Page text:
Fried turkey tastes delicious, so it’s understandable that in recent years propane turkey fryers have become 炸爐 increasingly popular. But at what price? Every Thanksgiving dozens of families endure Thanksgiving tragedy due to defective turkey fryers. Propane turkey fryers are so dangerous that the National Fire Protection Association (NFPA) has recommended against their use. According to the NFPA; the hot oil can cause devastating burns and destruction of property. The New York Fire Department (NYFD) – and dozens of fire departments across the country – recommend against using propane fryers.
Consumer group after consumer group have weighed in against propane fryers. Underwriters Laboratories (UL) studied propane fryer hazards. Mr. John Drengenberg, an engineer and the UL Consumer Affairs Manager strongly recommends against the use of propane turkey fryers. Mr. Drengenber explains, UL found propane turkey fryers, “… not to be worth the risks. And, as a result of these observations, UL has decided not to certify any turkey fryers with our trusted UL Mark.” Some manufacturers countered by putting phony “consumer listing mark of approvals” on their dangerous propane fryers.
The Consumer Product Safety Commission (CPSC) has also issued alerts on propane turkey fryers. Every Thanksgiving the CPSC receives reports of turkey fryer burns. The CPSC has reported over one hundred incidents of propane turkey fryers causing burns. In addition, Consumer Reports issued a safety alert on propane turkey fryers. A video on their website graphically demonstrates just how quickly propane turkey fryers violently erupt.
These horrible burns happen to ordinary people. Take Richard, for instance. Richard was trying hard to be extra careful. However, in spite of his best efforts, Richard suffered severe burns while using a turkey fryer. Richard’s description is similar to so many others, “The turkey fryer erupted like a volcano”.
Most turkey fryers don’t have any temperature control, allowing the oil to overheat and burst into flame, similar to a volcano erupting. The propane fryers that do have temperature controls, have temperature controls that are shoddy and unreliable. Which gives consumers a false sense of security. John Drengenberg, from UL, describes propane fryers as a “vertical flame thrower”. CPSC’s findings reveal the majority of reported incidents occur while the oil is being heated, prior to adding the turkey. The oil starts to overheat and smoke and then instantly turns into a “vertical flame thrower.”
Remember, propane turkey fryers are meant to be used outdoors only, usually on Thanksgiving and Christmas. Almost everywhere in America can expect to receive either rain or snow on any given Thanksgiving or Christmas. With turkey fryers, rain or snow create a huge hazard. When the rain or snow hits the hot oil, the oil splashes or turns to steam, which can cause burns.
When it rains or snows, people will predictably try to move the turkey fryer to a place that doesn’t directly expose the turkey fryer to the moisture. Or, just as often, folks move the turkey fryer away from a house or garage because they are concerned about starting a fire. Moving a hot turkey fryer often results in tragedy. Dozens and dozens of people have been seriously burned while trying to move a hot propane turkey fryer. The oil splashes or they lose a grip on the handle. Or worse, they slip and fall into the hot oil. This happened to a Fire Department veteran in California. While trying to move a turkey fryer out of the rain, the fryer tipped over. He slipped and fell in the oil, burning his arms, ankles, back and face.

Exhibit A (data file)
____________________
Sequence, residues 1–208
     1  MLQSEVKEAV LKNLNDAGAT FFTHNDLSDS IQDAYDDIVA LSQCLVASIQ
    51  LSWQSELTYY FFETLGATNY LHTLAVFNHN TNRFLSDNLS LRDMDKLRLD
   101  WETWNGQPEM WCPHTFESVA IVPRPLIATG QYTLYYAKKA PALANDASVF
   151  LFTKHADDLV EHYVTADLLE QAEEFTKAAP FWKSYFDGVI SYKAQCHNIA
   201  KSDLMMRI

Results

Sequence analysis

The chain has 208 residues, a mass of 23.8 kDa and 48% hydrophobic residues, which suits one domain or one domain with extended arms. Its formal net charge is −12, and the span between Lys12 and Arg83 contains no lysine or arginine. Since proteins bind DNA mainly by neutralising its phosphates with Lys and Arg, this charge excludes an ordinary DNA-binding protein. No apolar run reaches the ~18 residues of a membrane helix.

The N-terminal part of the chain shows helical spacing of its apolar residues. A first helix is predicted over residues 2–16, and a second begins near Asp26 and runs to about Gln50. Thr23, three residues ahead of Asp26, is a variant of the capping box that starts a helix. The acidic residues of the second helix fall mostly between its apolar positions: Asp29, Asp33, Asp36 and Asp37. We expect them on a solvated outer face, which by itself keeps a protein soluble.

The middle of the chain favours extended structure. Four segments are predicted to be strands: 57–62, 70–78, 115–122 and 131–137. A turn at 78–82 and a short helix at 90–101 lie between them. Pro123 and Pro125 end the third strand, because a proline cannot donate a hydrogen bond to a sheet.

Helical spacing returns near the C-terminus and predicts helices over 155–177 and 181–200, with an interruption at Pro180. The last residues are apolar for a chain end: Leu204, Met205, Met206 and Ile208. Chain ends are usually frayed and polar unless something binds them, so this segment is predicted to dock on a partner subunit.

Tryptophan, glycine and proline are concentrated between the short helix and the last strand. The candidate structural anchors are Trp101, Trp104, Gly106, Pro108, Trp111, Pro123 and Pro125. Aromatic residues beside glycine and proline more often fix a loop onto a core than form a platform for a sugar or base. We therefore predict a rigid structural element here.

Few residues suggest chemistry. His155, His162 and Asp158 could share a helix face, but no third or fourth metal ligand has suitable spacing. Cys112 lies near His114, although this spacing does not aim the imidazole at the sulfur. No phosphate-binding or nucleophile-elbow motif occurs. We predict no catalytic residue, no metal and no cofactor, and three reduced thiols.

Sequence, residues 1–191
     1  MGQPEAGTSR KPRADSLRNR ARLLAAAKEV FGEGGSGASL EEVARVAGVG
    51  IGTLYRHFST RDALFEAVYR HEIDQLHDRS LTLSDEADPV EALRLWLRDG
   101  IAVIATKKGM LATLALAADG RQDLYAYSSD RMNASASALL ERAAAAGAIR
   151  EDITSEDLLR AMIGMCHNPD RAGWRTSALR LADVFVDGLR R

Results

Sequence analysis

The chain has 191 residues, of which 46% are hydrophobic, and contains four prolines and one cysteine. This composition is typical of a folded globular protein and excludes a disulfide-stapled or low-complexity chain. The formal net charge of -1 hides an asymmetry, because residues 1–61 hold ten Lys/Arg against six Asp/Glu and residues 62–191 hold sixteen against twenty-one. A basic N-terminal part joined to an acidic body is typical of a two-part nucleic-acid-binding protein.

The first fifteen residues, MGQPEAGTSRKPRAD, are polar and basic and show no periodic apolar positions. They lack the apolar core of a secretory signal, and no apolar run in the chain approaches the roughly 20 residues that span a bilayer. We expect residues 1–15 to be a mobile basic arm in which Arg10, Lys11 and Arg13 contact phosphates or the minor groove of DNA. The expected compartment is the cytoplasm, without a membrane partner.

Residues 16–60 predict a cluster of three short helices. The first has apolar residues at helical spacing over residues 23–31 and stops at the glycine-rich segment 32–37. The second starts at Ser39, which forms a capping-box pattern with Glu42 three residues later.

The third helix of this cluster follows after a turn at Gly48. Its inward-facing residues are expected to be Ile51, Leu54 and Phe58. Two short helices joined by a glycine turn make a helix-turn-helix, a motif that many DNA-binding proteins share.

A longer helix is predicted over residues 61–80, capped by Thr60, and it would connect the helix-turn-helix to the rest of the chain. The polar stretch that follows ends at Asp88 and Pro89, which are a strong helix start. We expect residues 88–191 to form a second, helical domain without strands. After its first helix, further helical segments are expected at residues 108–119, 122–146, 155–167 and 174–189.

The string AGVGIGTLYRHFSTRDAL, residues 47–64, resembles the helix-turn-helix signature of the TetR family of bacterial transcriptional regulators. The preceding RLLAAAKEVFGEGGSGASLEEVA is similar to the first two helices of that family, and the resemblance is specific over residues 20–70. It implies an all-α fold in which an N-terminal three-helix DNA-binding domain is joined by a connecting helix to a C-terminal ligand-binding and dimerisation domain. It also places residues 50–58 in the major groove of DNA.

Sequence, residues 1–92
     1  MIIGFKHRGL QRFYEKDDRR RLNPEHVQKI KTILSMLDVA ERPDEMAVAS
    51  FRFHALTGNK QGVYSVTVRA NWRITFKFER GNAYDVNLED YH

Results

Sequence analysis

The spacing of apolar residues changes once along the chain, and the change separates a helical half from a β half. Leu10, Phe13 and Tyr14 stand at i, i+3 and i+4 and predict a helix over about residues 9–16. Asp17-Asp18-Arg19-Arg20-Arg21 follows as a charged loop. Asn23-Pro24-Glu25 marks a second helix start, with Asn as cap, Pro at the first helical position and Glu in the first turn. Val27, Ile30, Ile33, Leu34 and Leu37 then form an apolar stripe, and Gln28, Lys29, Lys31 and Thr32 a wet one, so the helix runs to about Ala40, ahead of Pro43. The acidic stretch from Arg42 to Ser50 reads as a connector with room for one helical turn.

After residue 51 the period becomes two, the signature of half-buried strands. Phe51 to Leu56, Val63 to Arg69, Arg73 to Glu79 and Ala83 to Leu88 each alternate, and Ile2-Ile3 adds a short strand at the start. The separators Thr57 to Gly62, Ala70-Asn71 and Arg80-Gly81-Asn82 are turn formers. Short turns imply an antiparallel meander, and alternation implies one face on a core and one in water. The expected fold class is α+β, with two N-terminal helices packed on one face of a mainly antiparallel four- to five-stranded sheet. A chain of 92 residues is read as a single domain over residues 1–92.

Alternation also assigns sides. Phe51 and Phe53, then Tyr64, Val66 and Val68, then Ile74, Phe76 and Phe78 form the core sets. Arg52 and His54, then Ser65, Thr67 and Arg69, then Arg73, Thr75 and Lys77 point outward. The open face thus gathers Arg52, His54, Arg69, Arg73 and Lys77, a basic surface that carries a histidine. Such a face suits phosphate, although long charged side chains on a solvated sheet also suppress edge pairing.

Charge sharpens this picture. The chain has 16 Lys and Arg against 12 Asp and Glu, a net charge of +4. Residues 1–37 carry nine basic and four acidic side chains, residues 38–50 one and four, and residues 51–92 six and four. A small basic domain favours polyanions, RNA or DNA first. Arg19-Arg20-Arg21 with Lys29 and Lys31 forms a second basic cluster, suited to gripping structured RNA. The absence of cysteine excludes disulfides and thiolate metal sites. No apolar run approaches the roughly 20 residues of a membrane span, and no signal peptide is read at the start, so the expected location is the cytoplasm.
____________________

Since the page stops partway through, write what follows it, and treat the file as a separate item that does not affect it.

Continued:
The process of cooking the turkey poses additional hazards. Even under the best of circumstances and intentions hot oil may splash or spill at any point during the cooking process. Oil easily spills over the side of the pot and will ignite from the flames. Serious burns are often received when people try and remove the turkey out of the fryer.
Partially frozen turkeys also pose a significant risk. At best, partially frozen turkeys placed into the fryer can cause a spillover effect. At worst, the frozen turkey will cause the boiling oil to explode. In addition, many propane turkey fryers have an unstable three leg base. Allowing the fryer to easily topple over, causing burns.
Finally, when fire does occur, users often try and extinguish the flames with water. This is a huge mistake. When water contacts the hot oil, the water and oil cause a splatter effect, causing burns to anyone in the vicinity.
In most states, product liability laws use a risk-benefit test to determine whether a product is defectively designed. The work done by NFPA, NYFD, UL, Consumer Reports, and the CPSC make a strong case that the risks posed by a turkey fryer’s design outweigh the benefits of the design. The potential harm resulting from the use of turkey fryers is serious and there is substantial likelihood that burns will occur.
There is a safer and feasible alternate design. Consumer Reports recommends electric turkey fryers as being much safer than propane models. These electric fryers have automatic temperature controls that will shut off the heat before the oil gets too hot. They are also designed to use much less oil than the propane models. This minimizes the spill over or splash hazard posed by propane models. Consumer Reports tests revealed the electric fryer turkey tasted just as delicious as turkey cooked with propane.